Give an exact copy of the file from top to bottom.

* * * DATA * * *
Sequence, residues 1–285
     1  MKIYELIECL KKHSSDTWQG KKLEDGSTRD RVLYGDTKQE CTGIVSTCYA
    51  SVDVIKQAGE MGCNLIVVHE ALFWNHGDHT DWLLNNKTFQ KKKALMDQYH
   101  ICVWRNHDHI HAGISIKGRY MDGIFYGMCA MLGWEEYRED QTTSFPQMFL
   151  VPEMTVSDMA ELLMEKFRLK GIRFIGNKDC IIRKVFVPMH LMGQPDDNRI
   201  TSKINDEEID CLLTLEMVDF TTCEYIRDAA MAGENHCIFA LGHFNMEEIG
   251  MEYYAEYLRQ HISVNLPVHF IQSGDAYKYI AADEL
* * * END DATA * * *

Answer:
Sequence, residues 1–285
     1  MKIYELIECL KKHSSDTWQG KKLEDGSTRD RVLYGDTKQE CTGIVSTCYA
    51  SVDVIKQAGE MGCNLIVVHE ALFWNHGDHT DWLLNNKTFQ KKKALMDQYH
   101  ICVWRNHDHI HAGISIKGRY MDGIFYGMCA MLGWEEYRED QTTSFPQMFL
   151  VPEMTVSDMA ELLMEKFRLK GIRFIGNKDC IIRKVFVPMH LMGQPDDNRI
   201  TSKINDEEID CLLTLEMVDF TTCEYIRDAA MAGENHCIFA LGHFNMEEIG
   251  MEYYAEYLRQ HISVNLPVHF IQSGDAYKYI AADEL